Here's Why The Saudi's Wouldn't Take Biden's Call
Joe Biden continues to worth with Russia to hammer out terms to bring back Obama's failed Iran Nuclear Deal. This time around, it could cost the world dearly. The Saudis fault the United States for not actively supporting its campaign in the Yemeni civil war and for pursuing a nuclear deal with Iran. China has also worked to gain influence in the kingdom in recent years, and Beijing hopes to promote the use of its currency globally and secure protection from U.S. sanctions by convincing Saudi Arabia to price oil in yuan.
If the Saudis sell their oil exports to China in yuan, it would transform the state of the foreign exchange market. China accounts for over a quarter of Saudi Arabia's oil exports, equivalent to tens of billions of dollars every year.
China buys more than 25% of the oil that Saudi Arabia exports, and if priced in yuan, those sales would boost the standing of China’s currency, and set the Chinese currency on a path to becoming a global petroyuan reserve currency.
As even the WSJ admits, a shift to a (petro)yuan system, "would be a profound shift for Saudi Arabia to price even some of its roughly 6.2 million barrels of day of crude exports in anything other than dollars" as the majority of global oil sales—around 80%—are done in dollars, and the Saudis have traded oil exclusively in dollars since 1974, in a deal with the Nixon administration that included security guarantees for the kingdom. It appears that the Saudis no longer care much about US "security guarantees" and instead are switching their allegiance to China.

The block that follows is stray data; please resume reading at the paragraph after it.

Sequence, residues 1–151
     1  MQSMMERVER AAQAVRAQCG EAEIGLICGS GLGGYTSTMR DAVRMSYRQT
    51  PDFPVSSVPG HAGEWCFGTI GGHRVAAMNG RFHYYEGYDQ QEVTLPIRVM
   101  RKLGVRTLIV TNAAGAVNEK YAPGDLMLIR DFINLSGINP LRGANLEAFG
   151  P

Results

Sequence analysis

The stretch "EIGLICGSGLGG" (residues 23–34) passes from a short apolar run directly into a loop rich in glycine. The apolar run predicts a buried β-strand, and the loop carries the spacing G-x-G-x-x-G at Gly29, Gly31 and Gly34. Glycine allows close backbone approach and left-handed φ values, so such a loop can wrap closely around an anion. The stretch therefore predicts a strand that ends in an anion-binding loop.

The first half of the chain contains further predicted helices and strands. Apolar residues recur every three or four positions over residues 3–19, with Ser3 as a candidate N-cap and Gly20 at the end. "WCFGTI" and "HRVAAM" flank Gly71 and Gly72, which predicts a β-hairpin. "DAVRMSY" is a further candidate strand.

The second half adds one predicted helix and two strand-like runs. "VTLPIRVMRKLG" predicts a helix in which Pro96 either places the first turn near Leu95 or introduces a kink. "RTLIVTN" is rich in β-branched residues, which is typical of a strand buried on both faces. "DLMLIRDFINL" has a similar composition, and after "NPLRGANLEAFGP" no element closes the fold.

According to OilPrice.com, Saudis plan to do most oil transactions in dollars, but the transition has begun, and the move could tempt other producers to price their Chinese exports in yuan as well. China’s other big sources of oil are Russia, Angola, and Iraq.
“The oil market, and by extension the entire global commodities market, is the insurance policy of the status of the dollar as reserve currency,” said economist Gal Luft, co-director of the Washington-based Institute for the Analysis of Global Security who co-wrote a book about de-dollarization. “If that block is taken out of the wall, the wall will begin to collapse.”
If the Suadis do this and other countries follow, it could change the order of the world completely.
Petrodollars are U.S. dollars paid to an oil-exporting country for the sale of the commodity. Put simply, the petrodollar system is an exchange of oil for U.S. dollars between countries that buy oil and those that produce it.
The petrodollar was the result of the oil crisis in the mid-1970s when prices spiked to record levels. It helped increase the stability of oil prices denominated in U.S. dollars.